By: | October 30, 2018 • 3 min read

Across the workers’ compensation industry, the concept of a worker advocacy model has been around for a while, but has only seen notable adoption in recent years.

Even among those not adopting a formal advocacy approach, mindsets are shifting. Formerly claims-centric programs are becoming worker-centric and it’s a win all around: better outcomes; greater productivity; safer, healthier employees and a stronger bottom line.


That’s what you’ll see in this month’s issue of Risk & Insurance® when you read the profiles of the four recipients of the 2018 Theodore Roosevelt Workers’ Compensation and Disability Management Award, sponsored by PMA Companies. These four programs put workers front and center in everything they do.

“We were focused on building up a program with an eye on our partner experience. Cost was at the bottom of the list. Doing a better job by our partners was at the top,” said Steve Legg, director of risk management for Starbucks.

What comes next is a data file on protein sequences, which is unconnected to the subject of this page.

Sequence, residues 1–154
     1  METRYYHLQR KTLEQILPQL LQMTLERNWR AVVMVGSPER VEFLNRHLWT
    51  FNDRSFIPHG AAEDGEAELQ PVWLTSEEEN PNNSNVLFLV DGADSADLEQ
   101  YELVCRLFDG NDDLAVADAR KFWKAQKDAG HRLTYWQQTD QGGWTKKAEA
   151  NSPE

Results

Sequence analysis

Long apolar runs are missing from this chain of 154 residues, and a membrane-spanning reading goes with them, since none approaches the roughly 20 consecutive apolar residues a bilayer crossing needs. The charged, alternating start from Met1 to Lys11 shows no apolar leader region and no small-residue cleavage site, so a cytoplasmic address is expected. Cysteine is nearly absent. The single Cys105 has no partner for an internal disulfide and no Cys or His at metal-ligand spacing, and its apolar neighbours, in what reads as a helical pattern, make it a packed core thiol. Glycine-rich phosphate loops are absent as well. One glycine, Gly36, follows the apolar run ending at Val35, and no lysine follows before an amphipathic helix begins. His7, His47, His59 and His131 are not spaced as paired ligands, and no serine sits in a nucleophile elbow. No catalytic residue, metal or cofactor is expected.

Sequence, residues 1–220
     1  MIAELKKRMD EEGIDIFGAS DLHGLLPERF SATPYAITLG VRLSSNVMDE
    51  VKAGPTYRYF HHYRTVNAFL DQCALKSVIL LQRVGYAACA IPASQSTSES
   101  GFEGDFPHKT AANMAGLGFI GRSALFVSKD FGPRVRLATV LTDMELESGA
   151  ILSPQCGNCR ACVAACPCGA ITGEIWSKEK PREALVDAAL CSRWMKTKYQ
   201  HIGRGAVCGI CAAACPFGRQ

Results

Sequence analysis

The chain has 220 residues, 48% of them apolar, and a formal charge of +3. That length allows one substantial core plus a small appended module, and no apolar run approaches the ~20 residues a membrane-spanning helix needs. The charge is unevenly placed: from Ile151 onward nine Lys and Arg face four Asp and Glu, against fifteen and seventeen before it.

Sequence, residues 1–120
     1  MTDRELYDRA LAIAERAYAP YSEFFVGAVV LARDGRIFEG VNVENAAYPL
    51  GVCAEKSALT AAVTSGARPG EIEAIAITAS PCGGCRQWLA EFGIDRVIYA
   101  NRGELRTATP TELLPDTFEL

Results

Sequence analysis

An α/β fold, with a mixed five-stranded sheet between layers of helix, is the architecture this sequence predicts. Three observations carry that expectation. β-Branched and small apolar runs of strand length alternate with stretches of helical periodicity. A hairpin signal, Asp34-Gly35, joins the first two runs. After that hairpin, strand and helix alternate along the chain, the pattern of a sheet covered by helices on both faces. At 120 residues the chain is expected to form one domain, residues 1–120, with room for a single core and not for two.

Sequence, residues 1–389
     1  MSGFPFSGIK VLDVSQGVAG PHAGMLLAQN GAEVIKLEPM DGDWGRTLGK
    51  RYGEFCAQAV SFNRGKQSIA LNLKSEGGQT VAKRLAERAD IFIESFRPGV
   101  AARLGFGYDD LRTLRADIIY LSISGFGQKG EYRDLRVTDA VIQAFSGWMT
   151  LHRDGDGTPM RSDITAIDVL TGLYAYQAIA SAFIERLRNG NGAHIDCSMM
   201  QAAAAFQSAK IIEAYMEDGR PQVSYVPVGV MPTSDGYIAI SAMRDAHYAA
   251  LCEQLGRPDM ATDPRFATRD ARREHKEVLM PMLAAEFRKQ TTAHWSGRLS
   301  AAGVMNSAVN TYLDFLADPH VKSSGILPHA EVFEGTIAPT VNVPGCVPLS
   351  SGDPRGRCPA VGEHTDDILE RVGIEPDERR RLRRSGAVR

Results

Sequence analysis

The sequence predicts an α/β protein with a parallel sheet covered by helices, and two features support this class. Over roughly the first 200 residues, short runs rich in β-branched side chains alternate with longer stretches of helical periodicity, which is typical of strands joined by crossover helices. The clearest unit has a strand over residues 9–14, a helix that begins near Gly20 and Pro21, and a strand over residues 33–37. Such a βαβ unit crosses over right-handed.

Starbucks put claims reporting in the hands of its partners, an exemplary act of trust. The coffee company also put itself in workers’ shoes to identify and remove points of friction.

That led to a call center run by Starbucks’ TPA and a dedicated telephonic case management team so that partners can speak to a live person without the frustration of ‘phone tag’ and unanswered questions.